areas, and lines are numbered sequentially, starting at 1.)
By specifying Area or Line attributes with major codes set to
10000, you can draw individual areas or lines from a DLG file.
This can be useful when you are trying to fine-tune a map or
find the source of some problem. When using this feature, it is
probably not a good idea to include more than one DLG file in
the input arguments. This is because the Node, Area, and Line
identifiers are unique within individual files but are re-used
from file to file. Thus, if you specify multiple DLG files, you
may have a hard time figuring out which file is the source of
each area or line on the output map.
Roads and trails show up in red, pipelines and railroads in
black, hydrographic features in blue, hypsographic data in
orange, boundaries in gray, vegetative features in green, and
other data in black.
-x x_size and -y y_size
The horizontal and vertical dimensions of the map, in picture
elements (pixels), can be specified via the x and y options.
You can supply either or both of them. If you don’t provide
them, they will be selected so that 250K DEM data can be
displayed at one half of full resolution.
As a special case, if you give only a single DEM file, and don’t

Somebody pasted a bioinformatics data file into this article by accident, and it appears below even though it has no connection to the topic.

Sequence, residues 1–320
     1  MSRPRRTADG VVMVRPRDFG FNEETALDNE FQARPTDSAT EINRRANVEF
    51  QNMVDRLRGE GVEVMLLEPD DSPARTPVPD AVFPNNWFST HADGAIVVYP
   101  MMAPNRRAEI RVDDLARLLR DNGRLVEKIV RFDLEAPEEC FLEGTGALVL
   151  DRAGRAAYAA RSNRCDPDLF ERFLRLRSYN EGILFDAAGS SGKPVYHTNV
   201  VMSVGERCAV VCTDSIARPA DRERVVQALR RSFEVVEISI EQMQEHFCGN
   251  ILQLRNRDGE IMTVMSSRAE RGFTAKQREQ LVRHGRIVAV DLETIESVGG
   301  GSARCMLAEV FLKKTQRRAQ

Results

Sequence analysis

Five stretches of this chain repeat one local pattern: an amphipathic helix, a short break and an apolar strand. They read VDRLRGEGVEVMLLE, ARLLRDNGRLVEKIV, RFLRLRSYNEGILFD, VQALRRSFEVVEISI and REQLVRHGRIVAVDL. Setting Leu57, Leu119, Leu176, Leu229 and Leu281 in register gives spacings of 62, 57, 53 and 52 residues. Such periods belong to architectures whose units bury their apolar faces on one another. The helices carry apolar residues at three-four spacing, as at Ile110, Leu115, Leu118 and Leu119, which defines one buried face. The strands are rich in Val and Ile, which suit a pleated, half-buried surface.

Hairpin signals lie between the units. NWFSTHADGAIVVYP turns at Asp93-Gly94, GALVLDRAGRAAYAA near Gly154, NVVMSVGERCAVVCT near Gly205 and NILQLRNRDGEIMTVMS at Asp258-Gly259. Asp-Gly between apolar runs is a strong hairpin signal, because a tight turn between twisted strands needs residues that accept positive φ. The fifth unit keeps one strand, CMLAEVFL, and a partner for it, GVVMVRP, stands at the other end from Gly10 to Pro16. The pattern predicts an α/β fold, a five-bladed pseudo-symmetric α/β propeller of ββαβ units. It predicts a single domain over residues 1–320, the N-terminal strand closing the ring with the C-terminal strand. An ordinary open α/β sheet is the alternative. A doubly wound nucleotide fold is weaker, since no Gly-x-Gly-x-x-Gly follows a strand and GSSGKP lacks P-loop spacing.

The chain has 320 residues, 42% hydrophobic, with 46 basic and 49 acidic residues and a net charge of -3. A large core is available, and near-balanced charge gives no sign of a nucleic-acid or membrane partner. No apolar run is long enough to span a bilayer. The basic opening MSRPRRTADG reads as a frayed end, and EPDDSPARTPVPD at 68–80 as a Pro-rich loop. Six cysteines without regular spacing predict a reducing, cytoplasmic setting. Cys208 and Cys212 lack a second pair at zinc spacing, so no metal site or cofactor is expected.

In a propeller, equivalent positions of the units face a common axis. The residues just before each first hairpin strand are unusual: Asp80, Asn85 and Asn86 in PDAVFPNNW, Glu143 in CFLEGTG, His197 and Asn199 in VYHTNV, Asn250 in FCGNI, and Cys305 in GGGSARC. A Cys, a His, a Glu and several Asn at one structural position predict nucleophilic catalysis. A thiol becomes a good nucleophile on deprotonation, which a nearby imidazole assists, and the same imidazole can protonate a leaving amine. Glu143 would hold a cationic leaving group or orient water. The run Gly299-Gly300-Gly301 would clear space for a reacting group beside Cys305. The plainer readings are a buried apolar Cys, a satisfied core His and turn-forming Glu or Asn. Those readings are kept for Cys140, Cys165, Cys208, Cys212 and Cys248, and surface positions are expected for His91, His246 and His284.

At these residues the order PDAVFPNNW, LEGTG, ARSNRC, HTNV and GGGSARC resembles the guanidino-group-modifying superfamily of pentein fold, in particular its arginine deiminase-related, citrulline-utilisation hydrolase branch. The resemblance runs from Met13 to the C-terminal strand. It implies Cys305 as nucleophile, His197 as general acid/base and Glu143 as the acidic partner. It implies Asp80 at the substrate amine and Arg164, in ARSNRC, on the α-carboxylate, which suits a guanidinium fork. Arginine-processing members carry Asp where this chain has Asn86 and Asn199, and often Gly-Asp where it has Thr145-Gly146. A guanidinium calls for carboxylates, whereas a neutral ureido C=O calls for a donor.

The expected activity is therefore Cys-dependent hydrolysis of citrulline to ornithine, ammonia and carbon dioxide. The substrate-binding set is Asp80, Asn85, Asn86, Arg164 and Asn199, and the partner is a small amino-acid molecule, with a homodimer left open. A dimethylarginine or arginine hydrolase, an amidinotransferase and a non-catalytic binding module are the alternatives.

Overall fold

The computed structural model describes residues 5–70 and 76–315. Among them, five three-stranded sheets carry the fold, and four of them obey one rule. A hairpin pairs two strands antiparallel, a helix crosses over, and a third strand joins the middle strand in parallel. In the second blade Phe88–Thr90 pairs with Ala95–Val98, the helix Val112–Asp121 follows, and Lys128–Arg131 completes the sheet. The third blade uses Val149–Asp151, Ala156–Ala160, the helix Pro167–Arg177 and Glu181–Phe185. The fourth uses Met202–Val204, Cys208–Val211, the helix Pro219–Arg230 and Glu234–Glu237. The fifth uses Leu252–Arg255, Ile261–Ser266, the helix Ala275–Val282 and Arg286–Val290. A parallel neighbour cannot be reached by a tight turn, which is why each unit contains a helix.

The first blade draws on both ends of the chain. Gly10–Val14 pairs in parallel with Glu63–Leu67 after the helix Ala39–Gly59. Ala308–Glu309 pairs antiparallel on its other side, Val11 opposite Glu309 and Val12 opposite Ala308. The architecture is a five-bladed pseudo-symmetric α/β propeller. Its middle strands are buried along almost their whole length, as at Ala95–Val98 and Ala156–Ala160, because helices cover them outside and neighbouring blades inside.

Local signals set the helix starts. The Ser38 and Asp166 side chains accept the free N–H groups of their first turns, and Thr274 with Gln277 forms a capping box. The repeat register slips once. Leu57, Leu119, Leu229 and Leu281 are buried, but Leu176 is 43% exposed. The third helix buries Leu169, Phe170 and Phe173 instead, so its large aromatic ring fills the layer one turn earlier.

use the "-l", "-x", or "-y" options, drawmap will automatically
produce a complete map at full resolution.
For most 250K DEM files, full resolution is 1200 pixels per
degree of longitude or latitude, but it is 400 or 600 pixels per
degree of longitude for Alaskan files. The full resolution of
GTOPO30 files is 120 pixels per degree. For 24K DEM files,
resolution is more complicated. The data in these files are
sampled on a uniform UTM grid instead of on a latitude/longitude
grid, and the elevations may be sampled at spacings of 10 or 30
meters, and the number of samples varies with latitude. Thus,
the resolution (in terms of latitude and longitude) can vary
considerably from file to file. I use 3600 pixels per degree as
a very rough rule of thumb. It is a reasonable approximation
for files (with 30-meter spacing) in equatorial regions, but
becomes considerably less accurate as one moves north or south.
I like this particular number because it is exactly equal to the